Survey shows young companies adding jobs, wealth to Oklahoma economy
By Scott Meacham
Copyright © 2016, The Oklahoma Publishing Company
Nearly the last thing I want to hear more about right now is surveys and polls, and I’m guessing that many others feel the same way. So let me warn you, this is a column about a poll — the 22-question survey that i2E sends every spring to its active and past clients.
We survey annually to evaluate the effect of our services on the state’s economy. It’s important that state leaders and taxpayers have the information they need to assess the impact of Oklahoma’s investment in technology-based startup businesses.
This year we sent 153 surveys and had approximately a 76 percent response rate.
One of the best yardsticks of startup impact of i2E’s assistance is the money those young firms have raised. The respondents to this year’s survey (the data reflects 2015 results) reported raising $40.1 million in equity and debt capital and $8.7 million in grants. This in a state that has zero Oklahoma-based seed stage venture capital firms other than i2E.
The startups put that capital to work generating $129.1 million in 2015 revenue, 70 percent of which was reported to have come from outside Oklahoma.
A significant chunk of that revenue went to pay an aggregate annualized payroll of $70.3 million with an average annual wage of $64,245. That’s 51 percent higher than the 2015 Oklahoma average annual wage of $42,458.
Those wages went into the wallets, purses, and bank accounts of employees holding 975 current full-time equivalent positions in these 153 responding companies.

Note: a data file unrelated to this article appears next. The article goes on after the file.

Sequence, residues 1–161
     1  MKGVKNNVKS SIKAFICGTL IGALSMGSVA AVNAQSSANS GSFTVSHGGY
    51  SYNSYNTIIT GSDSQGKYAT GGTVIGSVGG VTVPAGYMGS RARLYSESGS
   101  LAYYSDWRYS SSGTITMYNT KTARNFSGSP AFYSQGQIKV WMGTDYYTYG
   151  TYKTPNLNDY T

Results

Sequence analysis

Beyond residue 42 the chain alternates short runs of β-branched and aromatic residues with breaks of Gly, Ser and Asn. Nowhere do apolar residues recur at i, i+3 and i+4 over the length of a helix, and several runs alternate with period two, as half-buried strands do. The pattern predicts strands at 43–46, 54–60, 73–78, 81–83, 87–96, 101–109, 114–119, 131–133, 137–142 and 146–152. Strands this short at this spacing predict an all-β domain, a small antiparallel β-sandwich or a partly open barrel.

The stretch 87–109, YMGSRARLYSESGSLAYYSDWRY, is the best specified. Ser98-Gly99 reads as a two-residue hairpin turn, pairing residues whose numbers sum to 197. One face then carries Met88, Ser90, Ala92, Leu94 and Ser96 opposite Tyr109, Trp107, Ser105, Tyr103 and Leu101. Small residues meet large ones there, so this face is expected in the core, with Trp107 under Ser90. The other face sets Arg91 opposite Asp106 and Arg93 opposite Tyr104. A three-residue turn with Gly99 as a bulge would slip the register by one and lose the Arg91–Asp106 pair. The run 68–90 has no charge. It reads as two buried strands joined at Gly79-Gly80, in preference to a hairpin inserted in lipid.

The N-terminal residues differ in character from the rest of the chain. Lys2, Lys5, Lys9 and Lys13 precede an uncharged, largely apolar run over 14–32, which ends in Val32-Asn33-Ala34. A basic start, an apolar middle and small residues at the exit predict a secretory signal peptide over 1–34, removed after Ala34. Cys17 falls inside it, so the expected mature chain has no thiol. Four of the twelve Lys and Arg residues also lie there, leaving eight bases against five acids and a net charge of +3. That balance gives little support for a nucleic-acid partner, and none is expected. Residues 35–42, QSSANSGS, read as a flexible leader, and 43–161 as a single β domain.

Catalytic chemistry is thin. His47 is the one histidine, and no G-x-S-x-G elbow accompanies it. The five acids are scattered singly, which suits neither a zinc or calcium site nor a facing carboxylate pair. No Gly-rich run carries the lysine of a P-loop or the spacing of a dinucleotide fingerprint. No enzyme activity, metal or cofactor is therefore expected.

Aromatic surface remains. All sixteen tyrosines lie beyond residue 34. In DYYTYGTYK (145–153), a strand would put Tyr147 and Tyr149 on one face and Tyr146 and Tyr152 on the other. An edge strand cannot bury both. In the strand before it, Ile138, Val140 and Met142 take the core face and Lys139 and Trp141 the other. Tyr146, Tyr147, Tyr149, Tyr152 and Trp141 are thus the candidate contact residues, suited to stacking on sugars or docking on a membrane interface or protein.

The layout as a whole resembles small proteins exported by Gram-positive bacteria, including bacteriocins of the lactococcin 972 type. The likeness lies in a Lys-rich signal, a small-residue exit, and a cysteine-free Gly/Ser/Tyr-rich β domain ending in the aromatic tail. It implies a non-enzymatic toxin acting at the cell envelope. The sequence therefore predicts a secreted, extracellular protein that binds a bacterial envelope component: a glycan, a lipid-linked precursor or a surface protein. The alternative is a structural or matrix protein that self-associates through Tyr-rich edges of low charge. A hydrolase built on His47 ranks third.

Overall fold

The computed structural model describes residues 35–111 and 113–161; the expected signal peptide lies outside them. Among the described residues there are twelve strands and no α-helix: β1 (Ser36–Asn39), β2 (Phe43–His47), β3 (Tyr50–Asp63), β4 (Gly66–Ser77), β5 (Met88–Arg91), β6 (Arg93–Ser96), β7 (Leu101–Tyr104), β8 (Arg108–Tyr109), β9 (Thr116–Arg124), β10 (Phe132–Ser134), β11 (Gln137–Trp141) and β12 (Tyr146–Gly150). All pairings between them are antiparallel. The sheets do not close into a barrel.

These better-than-average wages fed Oklahoma’s economy through the payment or purchase of things like rent, groceries, gasoline, backpacks, tennis shoes, clothing, medical bills, and housing and many more items.
That’s the virtuous cycle of an innovation economy.
So what are the take-aways?
The young companies that responded to this survey are wealth creators for Oklahoma. The nearly 500 new products and services and 143 issued patents that these firms have introduced into the marketplace are pulling dollars into Oklahoma with more than 80 percent of sales coming from other states and nations.
They are also job creators. Of the nearly 1,000 full-time equivalent positions across these firms, 218 were 2015 additions.
Innovative startups lead statewide economic diversification. While concentrated in two major sectors — software/information technology (42 percent) and life sciences (34 percent), we have startups in chemicals, manufacturing materials and components, and energy and environment. None of them are directly in oil and gas production.
And here’s one more takeaway.
Every business and individual in Oklahoma can boost the impact of these innovative firms. How? Find a way to do business with them. Act as a mentor. Become an investor or development partner. Be an outspoken advocate for OCAST and i2E funding when the next budget cycle rolls around to allow these positive impacts to be continued and expanded across the state.
There are lots of ways to get off the sidelines and get into this game.
Scott Meacham is president and CEO of i2E Inc., a nonprofit corporation that mentors many of the state’s technology-based startup companies. i2E receives state appropriations from the Oklahoma Center for the Advancement of Science and Technology and is an integral part of Oklahoma’s Innovation Model. Contact Meacham at [email protected]